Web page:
Harp seals in­vade Cana­dian town

Daily Press - - Extra - By Isaac Stan­ley-Becker Wash­ing­ton Post

Rod­dick­ton-Bide Arm is a quaint coastal town on the north­ern penin­sula of New­found­land, Canada.

It is also a com­mu­nity fac­ing a men­ac­ing threat, one that, in the telling of a lo­cal news­pa­per, is rem­i­nis­cent of Al­fred Hitch­cock’s chill­ing 1963 clas­sic “The Birds.”

But in the far eastern reaches of North Amer­ica, the as­sault isn’t ae­rial. It ar­rives by sea.

Sev­eral dozen harp seals have over­run the town of about 1,000, which may need to amend its des­ig­na­tion as the “Moose Cap­i­tal of the World” if the ma­rine mam­mal in­flux con­tin­ues. The spot­ted gray an­i­mals have been pop­ping up all over Rod­dick­ton-Bide Arm.

Some say they started ar­riv­ing around Christ­mas. Oth­ers claim to have seen them weeks be­fore. But it was the sec­ond week of Jan­uary when they be­came un­miss­able. They crawl down roads. They pop­u­late park­ing lots and gas sta­tions. They ap­pear in drive­ways and back­yards.

This is hardly a scene from a Hitch­cock film. But it’s not a feel-good story ei­ther. Two seals were struck by cars and killed this month, au­thor­i­ties con­firmed. The an­i­mals’ slick gray coat tends to blend in with the road.

Res­i­dents have been un­able to help, as na­tional reg­u­la­tions make it il­le­gal to touch ma­rine mam­mals, though en­force­ment has proven dif­fi­cult. So lo­cals have watched as the seals search for food and wa­ter, some­times cry­ing out.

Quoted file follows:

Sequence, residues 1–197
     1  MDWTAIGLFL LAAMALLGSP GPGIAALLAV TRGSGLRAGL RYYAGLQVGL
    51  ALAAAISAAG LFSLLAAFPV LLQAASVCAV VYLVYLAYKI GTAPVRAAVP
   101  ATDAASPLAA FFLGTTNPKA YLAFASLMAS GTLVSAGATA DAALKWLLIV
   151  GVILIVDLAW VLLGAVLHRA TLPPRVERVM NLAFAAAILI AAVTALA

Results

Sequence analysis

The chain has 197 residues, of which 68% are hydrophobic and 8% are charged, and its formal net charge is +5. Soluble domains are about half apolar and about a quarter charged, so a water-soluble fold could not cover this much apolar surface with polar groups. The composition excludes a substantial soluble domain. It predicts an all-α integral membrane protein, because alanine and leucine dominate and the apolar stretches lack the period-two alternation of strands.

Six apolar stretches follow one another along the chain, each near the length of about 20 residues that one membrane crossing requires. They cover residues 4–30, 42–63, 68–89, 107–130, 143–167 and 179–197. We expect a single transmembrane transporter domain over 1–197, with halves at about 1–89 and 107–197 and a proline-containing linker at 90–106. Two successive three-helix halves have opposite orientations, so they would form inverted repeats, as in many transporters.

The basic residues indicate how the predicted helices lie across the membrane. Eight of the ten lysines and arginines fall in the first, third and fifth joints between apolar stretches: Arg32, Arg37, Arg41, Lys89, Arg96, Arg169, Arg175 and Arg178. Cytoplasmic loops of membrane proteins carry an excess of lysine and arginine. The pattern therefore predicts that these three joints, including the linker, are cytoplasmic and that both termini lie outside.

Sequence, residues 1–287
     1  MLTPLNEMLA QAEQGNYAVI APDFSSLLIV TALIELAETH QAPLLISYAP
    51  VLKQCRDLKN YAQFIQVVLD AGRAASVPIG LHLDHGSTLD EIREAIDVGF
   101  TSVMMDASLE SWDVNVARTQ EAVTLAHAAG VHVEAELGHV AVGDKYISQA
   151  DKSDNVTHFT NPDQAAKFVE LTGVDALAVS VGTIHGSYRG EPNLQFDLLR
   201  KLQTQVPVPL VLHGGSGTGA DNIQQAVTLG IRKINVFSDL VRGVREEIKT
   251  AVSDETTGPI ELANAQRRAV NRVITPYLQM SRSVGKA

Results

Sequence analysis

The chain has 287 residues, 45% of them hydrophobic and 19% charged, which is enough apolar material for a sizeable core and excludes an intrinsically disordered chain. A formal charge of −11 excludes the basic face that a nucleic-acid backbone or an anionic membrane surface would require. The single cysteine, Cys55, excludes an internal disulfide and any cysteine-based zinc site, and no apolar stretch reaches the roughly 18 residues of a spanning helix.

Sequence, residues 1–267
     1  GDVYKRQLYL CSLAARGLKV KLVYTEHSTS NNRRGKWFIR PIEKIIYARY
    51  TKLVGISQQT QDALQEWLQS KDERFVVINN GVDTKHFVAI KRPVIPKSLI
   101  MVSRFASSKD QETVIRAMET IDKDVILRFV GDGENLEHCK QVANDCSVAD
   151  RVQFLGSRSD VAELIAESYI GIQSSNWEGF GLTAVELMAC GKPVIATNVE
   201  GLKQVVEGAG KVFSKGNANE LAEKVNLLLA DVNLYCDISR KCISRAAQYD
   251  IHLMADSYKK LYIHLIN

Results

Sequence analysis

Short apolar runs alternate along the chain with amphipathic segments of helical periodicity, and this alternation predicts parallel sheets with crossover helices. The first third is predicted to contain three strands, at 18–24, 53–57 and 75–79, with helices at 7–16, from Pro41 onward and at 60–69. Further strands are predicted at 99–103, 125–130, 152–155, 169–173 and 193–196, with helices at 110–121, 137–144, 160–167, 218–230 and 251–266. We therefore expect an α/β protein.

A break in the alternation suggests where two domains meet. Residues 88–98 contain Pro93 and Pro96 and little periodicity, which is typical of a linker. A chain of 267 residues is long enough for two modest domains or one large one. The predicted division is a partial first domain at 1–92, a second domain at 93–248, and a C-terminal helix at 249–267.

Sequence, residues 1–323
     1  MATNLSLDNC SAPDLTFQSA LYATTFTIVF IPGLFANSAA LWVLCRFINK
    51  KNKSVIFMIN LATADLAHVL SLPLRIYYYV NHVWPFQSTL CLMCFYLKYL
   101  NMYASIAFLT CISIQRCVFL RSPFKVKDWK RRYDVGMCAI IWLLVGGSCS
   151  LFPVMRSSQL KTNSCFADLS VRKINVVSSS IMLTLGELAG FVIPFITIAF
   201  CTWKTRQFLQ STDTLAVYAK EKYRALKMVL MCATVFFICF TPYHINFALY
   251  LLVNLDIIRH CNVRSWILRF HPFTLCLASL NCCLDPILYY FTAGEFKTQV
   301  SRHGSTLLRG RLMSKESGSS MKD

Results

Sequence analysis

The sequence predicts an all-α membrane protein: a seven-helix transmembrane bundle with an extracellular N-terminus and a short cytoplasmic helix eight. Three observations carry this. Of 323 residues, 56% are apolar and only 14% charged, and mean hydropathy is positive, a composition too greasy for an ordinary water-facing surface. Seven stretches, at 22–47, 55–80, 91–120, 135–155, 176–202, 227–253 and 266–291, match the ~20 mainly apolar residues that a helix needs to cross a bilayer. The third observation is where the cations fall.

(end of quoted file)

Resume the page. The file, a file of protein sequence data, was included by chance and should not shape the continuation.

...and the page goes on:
“This is dis­turb­ing for the res­i­dents to watch,” the town’s mayor, Sheila Fitzger­ald, told CTV News. “We are get­ting in­un­dated with phone calls from peo­ple that are say­ing, ‘You’ve gotta do some­thing. The seals are in my drive­way,’ or ‘The seals, I see them suf­fer­ing.’ ”

The seals may be puz­zled by their new sur­round­ings, but the rea­son they have come ashore is straight­for­ward. Sci­en­tists with the coun­try’s De­part­ment of Fish­eries and Oceans said harp seals mi­grate south from the Arc­tic each win­ter. Early in the sea­son, when it’s still rel­a­tively warm, there tends to be lit­tle ice near the shore, so the an­i­mals hug the coast­line. But if the wa­ter freezes be­hind them, they have trou­ble re­turn­ing to the open ocean. Disori­ented, some find their way to land.

The prob­lem could be com­pounded by thin­ning ocean ice, which sci­en­tists see as among the alarm­ing con­se­quences of cli­mate change. Harp seals de­pend on ice cover to mate and breed, and dis­rup­tions could also af­fect their mi­gra­tion sched­ule.

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